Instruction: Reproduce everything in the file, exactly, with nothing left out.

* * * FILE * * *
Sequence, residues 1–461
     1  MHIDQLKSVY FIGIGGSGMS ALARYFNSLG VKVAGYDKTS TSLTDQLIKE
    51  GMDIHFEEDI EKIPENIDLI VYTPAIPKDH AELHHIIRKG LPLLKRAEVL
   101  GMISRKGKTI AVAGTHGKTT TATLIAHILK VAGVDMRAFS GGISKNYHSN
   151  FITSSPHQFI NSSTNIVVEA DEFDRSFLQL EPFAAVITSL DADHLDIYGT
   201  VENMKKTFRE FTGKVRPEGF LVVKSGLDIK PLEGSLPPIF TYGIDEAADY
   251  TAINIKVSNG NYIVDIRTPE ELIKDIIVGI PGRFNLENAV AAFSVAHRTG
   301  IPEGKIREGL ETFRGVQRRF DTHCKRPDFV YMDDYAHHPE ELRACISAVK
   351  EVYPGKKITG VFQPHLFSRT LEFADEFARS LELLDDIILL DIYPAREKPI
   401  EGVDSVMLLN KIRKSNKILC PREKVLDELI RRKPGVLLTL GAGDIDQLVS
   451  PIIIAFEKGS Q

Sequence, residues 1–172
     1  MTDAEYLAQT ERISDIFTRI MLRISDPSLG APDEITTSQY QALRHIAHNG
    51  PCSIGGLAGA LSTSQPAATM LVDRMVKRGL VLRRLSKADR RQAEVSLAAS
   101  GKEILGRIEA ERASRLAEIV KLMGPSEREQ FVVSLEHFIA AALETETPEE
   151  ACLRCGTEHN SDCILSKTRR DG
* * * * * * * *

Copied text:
Sequence, residues 1–461
     1  MHIDQLKSVY FIGIGGSGMS ALARYFNSLG VKVAGYDKTS TSLTDQLIKE
    51  GMDIHFEEDI EKIPENIDLI VYTPAIPKDH AELHHIIRKG LPLLKRAEVL
   101  GMISRKGKTI AVAGTHGKTT TATLIAHILK VAGVDMRAFS GGISKNYHSN
   151  FITSSPHQFI NSSTNIVVEA DEFDRSFLQL EPFAAVITSL DADHLDIYGT
   201  VENMKKTFRE FTGKVRPEGF LVVKSGLDIK PLEGSLPPIF TYGIDEAADY
   251  TAINIKVSNG NYIVDIRTPE ELIKDIIVGI PGRFNLENAV AAFSVAHRTG
   301  IPEGKIREGL ETFRGVQRRF DTHCKRPDFV YMDDYAHHPE ELRACISAVK
   351  EVYPGKKITG VFQPHLFSRT LEFADEFARS LELLDDIILL DIYPAREKPI
   401  EGVDSVMLLN KIRKSNKILC PREKVLDELI RRKPGVLLTL GAGDIDQLVS
   451  PIIIAFEKGS Q

Sequence, residues 1–172
     1  MTDAEYLAQT ERISDIFTRI MLRISDPSLG APDEITTSQY QALRHIAHNG
    51  PCSIGGLAGA LSTSQPAATM LVDRMVKRGL VLRRLSKADR RQAEVSLAAS
   101  GKEILGRIEA ERASRLAEIV KLMGPSEREQ FVVSLEHFIA AALETETPEE
   151  ACLRCGTEHN SDCILSKTRR DG